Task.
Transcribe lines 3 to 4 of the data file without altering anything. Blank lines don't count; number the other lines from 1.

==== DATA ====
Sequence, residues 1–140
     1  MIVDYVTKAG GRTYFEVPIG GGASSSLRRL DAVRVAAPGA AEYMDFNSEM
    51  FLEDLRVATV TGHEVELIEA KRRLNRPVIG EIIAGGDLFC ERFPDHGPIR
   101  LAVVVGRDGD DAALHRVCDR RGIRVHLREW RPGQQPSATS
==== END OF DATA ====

    51  FLEDLRVATV TGHEVELIEA KRRLNRPVIG EIIAGGDLFC ERFPDHGPIR
   101  LAVVVGRDGD DAALHRVCDR RGIRVHLREW RPGQQPSATS